I've been looking at the installation diagrams on the Lavac site and I see that they show Anti-siphon valves / vented loops in the flush water intake (suction) line and in the combined deck pump-out (suction) / over board discharge line. How does this not introduce air into the lines? Maybe I'm a dunce but, I don't understand how this works. Wouldn't a siphon and the suction from a pump have the same effect on the anti-siphon valve? Wouldn't it "vent" in both situations? How does the pump cause a vacuum in the bowl to suck water past a vented loop in the flush water intake line? Every installation guide I've ever seen says that a vented loop goes on the discharge side of a pump. Alternatively, without the vented loop, what would prevent a siphon in the flush water intake line from filling the bowl? How did all the Lavac owners here install them? Did you do it as per Lavac's diagrams?
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Old 28-11-2008, 19:21   #35
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I haven't read the installation instructions on a Lavac in several years. Everyone that took the hint got one and has quietly gone on to other issues. Newbies tend to be more conservative, so my preaching has been a cry in the WILDERNESS (sorry, my boat's name, it just slipped out). It should read that you can have a siphon break in the exhaust, though mine doesn't because the toilet and hose and holding tank are all above sea level, and the holding tank vent serves the purpose of breaking the exhaust side. The intake side needs some way to break the vacuum generated by pumping out the waste , besides waiting for the seawater to enter via the toilet rim fill holes, otherwise you may be waiting a few minutes before the seat can be lifted open. One simple way is to drill a hole (about 1/8") in an easily accessible part of the hose. When you close the lid and begin pumping the pump (by design, a Henderson bilge pump), you place a finger over the hole while pumping to keep it from leaking and to block the entry of air. Let your finger off, open the lid and check the level of water in the bowl. If you want more, repeat the operation, only count to five before removing your finger. By now you've got the picture. If you are expecting particularly bumpy seas, you can keep the lid up and pump the toilet without using your finger to block the vent hole. The bowl will be pumped dry (as long as you gave the pump a few extra strokes to clear the water over the top of the waste loop. You can get fancier by using a valve in the intake hose, or you can get simpler by doing nothing and simply waiting a few minutes longer for the toilet seat seal to leak in some air.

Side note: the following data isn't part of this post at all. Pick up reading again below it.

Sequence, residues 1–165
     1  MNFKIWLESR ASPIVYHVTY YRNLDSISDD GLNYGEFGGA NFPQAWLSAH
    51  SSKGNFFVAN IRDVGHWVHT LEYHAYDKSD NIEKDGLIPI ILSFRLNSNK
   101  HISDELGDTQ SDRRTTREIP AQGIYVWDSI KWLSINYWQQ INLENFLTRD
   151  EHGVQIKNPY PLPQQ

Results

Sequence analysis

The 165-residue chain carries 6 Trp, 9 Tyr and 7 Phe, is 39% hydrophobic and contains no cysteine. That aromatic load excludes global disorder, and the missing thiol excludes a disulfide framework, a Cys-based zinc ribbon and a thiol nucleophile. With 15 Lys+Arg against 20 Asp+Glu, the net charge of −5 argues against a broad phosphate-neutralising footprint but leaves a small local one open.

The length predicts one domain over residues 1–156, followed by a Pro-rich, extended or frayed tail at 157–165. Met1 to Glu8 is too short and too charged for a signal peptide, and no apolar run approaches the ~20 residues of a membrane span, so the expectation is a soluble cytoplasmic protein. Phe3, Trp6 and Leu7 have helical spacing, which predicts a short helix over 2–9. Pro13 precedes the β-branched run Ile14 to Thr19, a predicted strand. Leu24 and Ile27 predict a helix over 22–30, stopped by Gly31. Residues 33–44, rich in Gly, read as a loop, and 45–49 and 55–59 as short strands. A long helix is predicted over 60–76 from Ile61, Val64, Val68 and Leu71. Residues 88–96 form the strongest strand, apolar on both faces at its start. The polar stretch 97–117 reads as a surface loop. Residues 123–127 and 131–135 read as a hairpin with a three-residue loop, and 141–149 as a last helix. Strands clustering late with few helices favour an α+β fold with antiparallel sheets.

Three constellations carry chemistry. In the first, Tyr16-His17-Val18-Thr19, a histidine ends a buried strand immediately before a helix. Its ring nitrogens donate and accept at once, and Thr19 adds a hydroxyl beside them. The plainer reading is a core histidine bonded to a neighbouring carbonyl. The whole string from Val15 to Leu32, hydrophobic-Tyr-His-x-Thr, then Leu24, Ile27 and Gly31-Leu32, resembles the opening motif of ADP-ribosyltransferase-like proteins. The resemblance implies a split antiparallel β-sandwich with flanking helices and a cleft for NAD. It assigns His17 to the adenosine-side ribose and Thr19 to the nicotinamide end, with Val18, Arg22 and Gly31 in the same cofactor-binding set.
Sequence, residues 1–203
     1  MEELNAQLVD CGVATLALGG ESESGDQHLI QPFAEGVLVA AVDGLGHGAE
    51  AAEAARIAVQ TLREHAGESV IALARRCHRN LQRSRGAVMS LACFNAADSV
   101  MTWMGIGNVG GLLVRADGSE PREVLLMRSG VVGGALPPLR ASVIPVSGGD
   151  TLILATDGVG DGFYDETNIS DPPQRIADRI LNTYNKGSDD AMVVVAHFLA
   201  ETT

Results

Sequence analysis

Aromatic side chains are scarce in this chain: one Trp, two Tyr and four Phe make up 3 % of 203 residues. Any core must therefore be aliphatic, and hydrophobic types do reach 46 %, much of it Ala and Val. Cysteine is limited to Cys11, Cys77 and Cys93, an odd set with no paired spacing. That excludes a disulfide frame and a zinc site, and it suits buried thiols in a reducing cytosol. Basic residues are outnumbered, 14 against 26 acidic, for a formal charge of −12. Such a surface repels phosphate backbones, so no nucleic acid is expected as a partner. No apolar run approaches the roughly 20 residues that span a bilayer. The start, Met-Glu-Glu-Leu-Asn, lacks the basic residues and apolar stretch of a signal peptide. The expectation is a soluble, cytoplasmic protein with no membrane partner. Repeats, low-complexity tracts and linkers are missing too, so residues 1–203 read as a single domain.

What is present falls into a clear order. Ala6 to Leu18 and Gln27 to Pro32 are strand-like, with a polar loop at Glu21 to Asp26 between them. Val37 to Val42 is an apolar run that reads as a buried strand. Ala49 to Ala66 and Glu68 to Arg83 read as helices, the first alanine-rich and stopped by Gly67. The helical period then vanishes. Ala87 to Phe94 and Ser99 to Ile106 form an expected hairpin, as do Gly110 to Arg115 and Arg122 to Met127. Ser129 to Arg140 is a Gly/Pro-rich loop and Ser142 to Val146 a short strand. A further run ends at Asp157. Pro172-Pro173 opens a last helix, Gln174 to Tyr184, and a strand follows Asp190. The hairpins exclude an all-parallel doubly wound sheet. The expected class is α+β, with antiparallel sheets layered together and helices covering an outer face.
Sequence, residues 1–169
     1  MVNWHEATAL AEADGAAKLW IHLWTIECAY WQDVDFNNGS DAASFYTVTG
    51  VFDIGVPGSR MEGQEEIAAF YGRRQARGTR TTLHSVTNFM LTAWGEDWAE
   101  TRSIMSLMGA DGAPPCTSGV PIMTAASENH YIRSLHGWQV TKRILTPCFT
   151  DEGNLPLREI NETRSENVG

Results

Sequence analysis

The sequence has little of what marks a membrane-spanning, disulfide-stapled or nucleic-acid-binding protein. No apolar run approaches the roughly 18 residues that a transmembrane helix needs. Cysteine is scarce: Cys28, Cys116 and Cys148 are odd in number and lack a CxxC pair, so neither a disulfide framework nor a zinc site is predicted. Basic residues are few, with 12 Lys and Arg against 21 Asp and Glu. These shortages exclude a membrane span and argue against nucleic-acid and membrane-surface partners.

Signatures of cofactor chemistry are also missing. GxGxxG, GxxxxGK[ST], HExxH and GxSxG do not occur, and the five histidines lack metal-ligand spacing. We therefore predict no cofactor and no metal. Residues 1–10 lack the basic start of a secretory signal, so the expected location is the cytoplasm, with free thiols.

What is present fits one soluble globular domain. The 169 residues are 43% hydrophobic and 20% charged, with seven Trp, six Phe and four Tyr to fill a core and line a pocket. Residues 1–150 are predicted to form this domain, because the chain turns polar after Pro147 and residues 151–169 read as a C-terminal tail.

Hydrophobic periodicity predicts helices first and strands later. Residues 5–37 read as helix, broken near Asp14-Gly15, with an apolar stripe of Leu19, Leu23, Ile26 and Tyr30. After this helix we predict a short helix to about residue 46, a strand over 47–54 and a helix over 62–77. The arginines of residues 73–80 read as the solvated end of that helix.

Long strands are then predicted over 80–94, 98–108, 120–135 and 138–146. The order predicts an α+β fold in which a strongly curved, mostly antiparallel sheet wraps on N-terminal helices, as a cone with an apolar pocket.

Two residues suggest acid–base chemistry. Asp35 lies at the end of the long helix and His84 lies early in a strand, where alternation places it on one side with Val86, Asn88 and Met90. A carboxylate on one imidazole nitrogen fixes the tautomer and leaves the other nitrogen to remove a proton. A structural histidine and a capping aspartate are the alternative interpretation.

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Old 02-12-2008, 17:11   #36
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Bobdobbs: Our Lavac's are installed per the manufacturer’s instructions and are now working as well as Roy M. above suggests. I think more recent purchasers like us have been having more problems since Lavac outsourced to Taiwan.

The inlet hose has a tiny hole (a grommet) in it at the high point of the hose in order to admit a small amount of air that breaks the vacuum in the bowl about 45 seconds after flushing. This grommet is tiny, too small to adversely affect the flushing action. Lavac supplies two sizes of grommet to adjust the amount of water left in the bowl. The larger hole breaks the vacuum sooner than the smaller one, thus resulting in less water being drawn in after flushing and left resident in the bowl. Quite subtle those English.